This newest installment of Halloween Hotties features a new final girl on the block who appeared in her first horror flick in 2018 and made quite an impression! With the release of Stevan Mena’s long awaited Malevolence 3: Killer, we were introduced to this fresh face in the role of the film’s heroine, Ellie!…And this actress got our attention! Without further ado…MonsterZero NJ’s Halloween Hotties rookie of the year 2018 is…
Katie Gibson is new to the horror movie scene, making her final girl debut in Stevan Mena’s Malevolence 3: Killer. While she had a vocal part in Mena’s Bereavement, this is her first starring role and she made a strong impression. Her Ellie was a very likable character, resilient, smart, compassionate and when serial killer Martin Bristol comes knocking, she responds with some knocks of her own. We can only hope that if Mena continues the franchise, Katie is along for the next installment…or Malevolence 3: Killergets her enough attention for future roles in other projects. Attention she deserves! We can’t wait to see more of this talented and beautiful young actress!
Katie Gibson gets to try on a classic slasher trope as she watches her young neighbor!
Ellie finds out something is very wrong as Martin Bristol returns to his former home.
Ellie risking her own life to protect her young neighbor, Victoria (Victoria Mena).
Can Ellie turn the tables on a killer?
Katie’s got talent and a girl-next-door presence that made her a natural for this type of role. Mena has a gift for picking good final girls, as Alexandra Daddario served final girl duties in Bereavement and hot mom type Samantha Dark was a strong heroine in the original Malevolence. Hopefully actress Katie Gibson and director Stevan Mena will both be working on new projects soon!
(Clicking the highlighted links brings you to corresponding reviews and articles here at The Movie Madhouse!)
After Bereavement, writer/director/editor Stevan Mena decided to go back to basics with the third installment of his Malevolence franchise by not only returning to a more classic slasher format, but by independently financing the film. Tragedy struck his production, though, with only 75% of the movie finished, when actor Scott Decker sadly took his own life. With little money for re-shoots, the film went on hiatus for two years until Mena’s passion and perseverance found a way to finally finish it. Malevolence 3 now sees it’s release on home media and video streaming right in time for Halloween! 🎃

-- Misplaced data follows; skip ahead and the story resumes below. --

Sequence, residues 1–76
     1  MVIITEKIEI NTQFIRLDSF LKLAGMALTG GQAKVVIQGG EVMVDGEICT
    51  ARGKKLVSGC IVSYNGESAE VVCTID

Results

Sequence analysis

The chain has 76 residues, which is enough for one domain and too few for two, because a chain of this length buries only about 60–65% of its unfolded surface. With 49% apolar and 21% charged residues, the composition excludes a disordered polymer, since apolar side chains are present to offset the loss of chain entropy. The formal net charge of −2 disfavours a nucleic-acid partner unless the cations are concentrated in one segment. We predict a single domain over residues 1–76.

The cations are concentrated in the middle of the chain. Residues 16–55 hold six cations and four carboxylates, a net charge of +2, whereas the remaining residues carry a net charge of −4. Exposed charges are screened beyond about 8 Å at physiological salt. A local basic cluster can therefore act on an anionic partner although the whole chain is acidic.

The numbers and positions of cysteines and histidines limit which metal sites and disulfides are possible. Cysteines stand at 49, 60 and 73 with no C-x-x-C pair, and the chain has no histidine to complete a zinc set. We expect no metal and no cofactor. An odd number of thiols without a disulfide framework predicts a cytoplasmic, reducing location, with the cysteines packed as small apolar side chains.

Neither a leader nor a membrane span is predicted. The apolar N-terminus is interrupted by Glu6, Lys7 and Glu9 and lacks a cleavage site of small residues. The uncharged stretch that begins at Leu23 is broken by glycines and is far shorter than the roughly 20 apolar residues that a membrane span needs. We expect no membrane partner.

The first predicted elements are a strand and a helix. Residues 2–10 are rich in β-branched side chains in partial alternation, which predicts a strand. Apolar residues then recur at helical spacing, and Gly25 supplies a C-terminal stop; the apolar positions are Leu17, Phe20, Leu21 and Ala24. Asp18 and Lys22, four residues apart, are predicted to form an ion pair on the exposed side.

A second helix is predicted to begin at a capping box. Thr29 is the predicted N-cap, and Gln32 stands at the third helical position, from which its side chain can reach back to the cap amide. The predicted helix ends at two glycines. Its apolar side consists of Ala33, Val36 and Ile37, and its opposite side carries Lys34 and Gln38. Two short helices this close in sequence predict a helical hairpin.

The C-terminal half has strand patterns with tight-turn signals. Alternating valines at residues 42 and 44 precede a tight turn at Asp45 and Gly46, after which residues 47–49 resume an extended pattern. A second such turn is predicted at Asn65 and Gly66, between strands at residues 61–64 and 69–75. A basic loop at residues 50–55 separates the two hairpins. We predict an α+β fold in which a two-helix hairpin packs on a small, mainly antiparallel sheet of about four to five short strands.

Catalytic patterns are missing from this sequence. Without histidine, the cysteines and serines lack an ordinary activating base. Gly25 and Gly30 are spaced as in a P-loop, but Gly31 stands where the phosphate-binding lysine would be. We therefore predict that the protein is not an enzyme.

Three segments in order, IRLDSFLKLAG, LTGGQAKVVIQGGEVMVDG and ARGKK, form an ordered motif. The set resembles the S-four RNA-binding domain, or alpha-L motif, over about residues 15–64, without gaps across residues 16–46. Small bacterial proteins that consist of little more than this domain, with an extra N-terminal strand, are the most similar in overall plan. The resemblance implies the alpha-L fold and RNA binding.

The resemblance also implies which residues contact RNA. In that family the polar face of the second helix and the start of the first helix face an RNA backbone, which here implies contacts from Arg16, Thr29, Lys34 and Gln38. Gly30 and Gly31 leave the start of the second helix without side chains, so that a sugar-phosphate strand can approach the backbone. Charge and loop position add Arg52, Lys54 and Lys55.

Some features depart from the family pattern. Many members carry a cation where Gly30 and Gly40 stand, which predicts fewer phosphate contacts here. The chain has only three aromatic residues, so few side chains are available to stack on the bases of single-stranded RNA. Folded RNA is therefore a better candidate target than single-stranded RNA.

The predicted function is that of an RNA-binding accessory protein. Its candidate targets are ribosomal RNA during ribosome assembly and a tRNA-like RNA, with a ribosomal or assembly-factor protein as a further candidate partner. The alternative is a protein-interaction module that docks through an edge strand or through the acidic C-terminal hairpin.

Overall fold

Malevolence 3: Killer opens with the final scenes of the first film…remember, Bereavement was a prequel…with serial killer Martin Bristol (Jay Cohen) escaping into the woods. Martin, in true Michael Myers fashion, returns to his childhood home town and begins a killing spree. He leaves a trail of bodies as he returns to the house he was born in, which is now home to pretty student and musician Ellie (Katie Gibson) and her roommates Tara (Kelsey Deanne) and the vivacious Lynn (Alli Caudle). Drawn to the three girls, Martin begins stalking them, killing anyone who crosses his path. All the while Agent Perkins (Kevin McKelvey) is hot on his trail in hopes to stop Martin before he kills again.
Malevolence was a solid slasher homage giving us elements that evoked both Halloween and The Texas Chainsaw Massacre. Bereavement was something all it’s own with a portrait of a deranged killer (Brett Rickaby) teaching his grim trade to kidnapped little boy, Martin (Spencer List). With the third installment, Stevan Mena returns to a more traditional slasher film with the adult Martin paying his home town a bloody visit and a trio of young girls picking the wrong house to preside in. As such, Mena crafts another solid slasher flick much on par with his original. The film doesn’t quite have the emotional resonance of his creation of a serial killer prequel, though there are some scenes with Martin’s grieving mother (Ashley Wolfe) and grandmother (the legendary Adrienne Barbeau), which work nicely on that level. In most slashers if the killer’s mother is still alive, she’s usually portrayed as equally deranged, so this was a nice change and added some depth. Most importantly, the film does do what it’s supposed to do and does it well. It’s paced much like the slashers of the early 80s with a moderate burn till the last act. There is some traditional skin shown by it’s lovely cast and the kills are bloody and brutal, yet grounded, so they keep their impact and avoid the outlandishness of many other slasher franchises. Mena’s killer is effective and needs no mask to elicit chills and his prey are a likable group of girls and neighbors, so we feel for them. When that last act comes and Martin and Ellie throw down, it’s intense and bloody as Agent Perkins closes in…but will it be in time? On a technical level Mena’s shots are excellently framed, that and his cinematography evokes Carpenter and Dean Cundey in the very best way. The film looks very good for a low budget flick and except for a few shots of Katie Gibson’s hair changing length a bit, there is really no evidence the film had such a troubled production. Again, a filmmaker’s passion and perseverance found a way to complete his vision.